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Law not always fair to litigants who retain counsel | Gary Joseph

Thursday, January 23, 2020 @ 12:51 PM | By Gary Joseph


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Gary Joseph
Recently I commented on what I perceived to be issues arising from the increasing presence of self-represented litigants in family law matters. In that column I commented on the Canadian Judicial Council’s Statement of Principles. I raised concerns with respect to these principles. I stated the following:

“I submit that in some respects the principles are neglectful of the individual who retains counsel, incurs significant cost and is met with a judge who ‘accommodates’ the needs of the self-represented opposite party.”

In Conroy v. Vassel 2020 ONCA 14, the appellant, acting for himself, appealed the dismissal of his action for spousal support and other related matters. However, as noted by the Court of Appeal, “… his real concern is the costs award made by the motion judge.”

Justice Michael Penny, on a motion brought by the defendant (represented party) to strike the pleadings of David Conroy as disclosing no cause of action, determined that the two claims asserted by the self-represented litigant in the civil action should be struck out but that one of them may proceed (but as a family law application for spousal support under the Family Law Act and Rules). The entirety of Conroy’s claims in the civil action therefore were struck out. Not surprisingly the defendant sought costs, submitting inter alia that the plaintiff’s entire claim was misconceived. The defendant sought substantial indemnity costs of approximately $16,500 on top of an earlier $5,000 cost award made against Conroy. Justice Penny found on the issue of costs as follows:

“In assessing costs, important inputs are what the losing party might reasonably expect to pay and the means of the losing party to pay. The Order of Belobaba J. traversing this matter to the Family Law Division should have given the Plaintiff some insight into the need to assert his claim in accordance with the Family Law Division law and practice. The $5,000.00 cost award of Belobaba J. was apparently not a sufficient message. I find that partial indemnity costs of $7,500.00 for the dismissal of the Plaintiff’s entire action is an appropriate award that recognizes the needless costs imposed on the Defendant and the Plaintiff’s limited means.”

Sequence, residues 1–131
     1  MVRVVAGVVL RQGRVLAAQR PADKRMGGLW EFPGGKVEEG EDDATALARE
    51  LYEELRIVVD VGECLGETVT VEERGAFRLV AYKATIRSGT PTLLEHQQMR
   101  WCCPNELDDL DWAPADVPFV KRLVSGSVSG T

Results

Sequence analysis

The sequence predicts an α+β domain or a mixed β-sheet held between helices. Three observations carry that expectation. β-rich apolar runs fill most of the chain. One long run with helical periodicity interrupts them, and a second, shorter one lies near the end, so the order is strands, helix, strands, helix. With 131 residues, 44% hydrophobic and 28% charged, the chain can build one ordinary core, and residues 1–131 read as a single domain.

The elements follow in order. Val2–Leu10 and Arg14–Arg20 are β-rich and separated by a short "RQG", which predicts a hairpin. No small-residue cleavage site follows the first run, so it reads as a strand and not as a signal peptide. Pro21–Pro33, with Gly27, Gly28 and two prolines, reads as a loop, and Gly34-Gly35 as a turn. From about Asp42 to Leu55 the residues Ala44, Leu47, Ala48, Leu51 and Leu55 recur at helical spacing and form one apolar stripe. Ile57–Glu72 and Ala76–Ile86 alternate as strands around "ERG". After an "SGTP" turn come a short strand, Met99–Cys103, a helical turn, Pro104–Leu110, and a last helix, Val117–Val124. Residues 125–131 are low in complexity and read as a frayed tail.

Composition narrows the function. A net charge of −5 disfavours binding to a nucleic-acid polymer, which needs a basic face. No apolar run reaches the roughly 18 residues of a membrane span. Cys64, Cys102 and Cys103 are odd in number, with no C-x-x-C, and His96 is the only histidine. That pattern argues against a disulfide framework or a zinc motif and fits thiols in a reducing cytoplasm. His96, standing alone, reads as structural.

The Court of Appeal for Ontario disagreed. The panel found that “in our view, there was no clear message [referencing the earlier Order of Superior Court Justice Edward Belobaba] but rather confusion on the part of this in person litigant.”

The court went on the reduce the costs of the motion from $7,500 to $2,500. Further, no order as to costs was made on the appeal. I recognize that the Court of Appeal was acting on precedent articulated by the Supreme Court of Canada when it adopted the principles in the case of Pintea v. Johns 2017 SCC 23. However, the bottom line in this matter is that an in-person litigant sought relief in a statement of claim that disclosed no cause of action. Further, this in-person litigant sought family law relief in the wrong court. The defendant was put to the expense of retaining counsel and incurred at least $16,500 in costs (her claim for substantial indemnity costs) in having a claim dismissed with one remaining issue referred to the Family Law Division.

In ordinary circumstances, I submit, that had this plaintiff been represented by counsel, a more substantial award of costs on the motion would likely have been made and the Court of Appeal for Ontario would not have been so accommodating in significantly reducing the cost award. The defendant must now question why she bothered to retain counsel at all.

With great respect, what may appear fair for the in-person litigant is somewhat unfair to the litigant who was forced to retain counsel to respond to claims that do not exist and claims that were brought in the wrong court. Issues similar to this must be addressed. Access to justice is important as is fairness to both sides.

Gary S. Joseph is the managing partner at MacDonald & Partners LLP, family law practitioners.

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